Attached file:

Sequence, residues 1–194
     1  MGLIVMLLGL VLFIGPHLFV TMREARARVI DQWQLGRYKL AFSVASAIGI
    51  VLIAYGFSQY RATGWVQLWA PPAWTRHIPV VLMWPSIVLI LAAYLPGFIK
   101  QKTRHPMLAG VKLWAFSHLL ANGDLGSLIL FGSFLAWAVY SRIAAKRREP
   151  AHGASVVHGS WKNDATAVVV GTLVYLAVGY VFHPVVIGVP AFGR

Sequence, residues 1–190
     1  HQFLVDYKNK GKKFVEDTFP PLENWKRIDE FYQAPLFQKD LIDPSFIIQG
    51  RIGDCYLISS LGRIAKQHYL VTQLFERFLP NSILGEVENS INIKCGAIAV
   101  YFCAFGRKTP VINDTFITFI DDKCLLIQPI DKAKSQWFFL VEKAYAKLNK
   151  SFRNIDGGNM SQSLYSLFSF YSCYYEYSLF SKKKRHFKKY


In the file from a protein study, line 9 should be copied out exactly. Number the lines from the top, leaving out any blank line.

   101  YFCAFGRKTP VINDTFITFI DDKCLLIQPI DKAKSQWFFL VEKAYAKLNK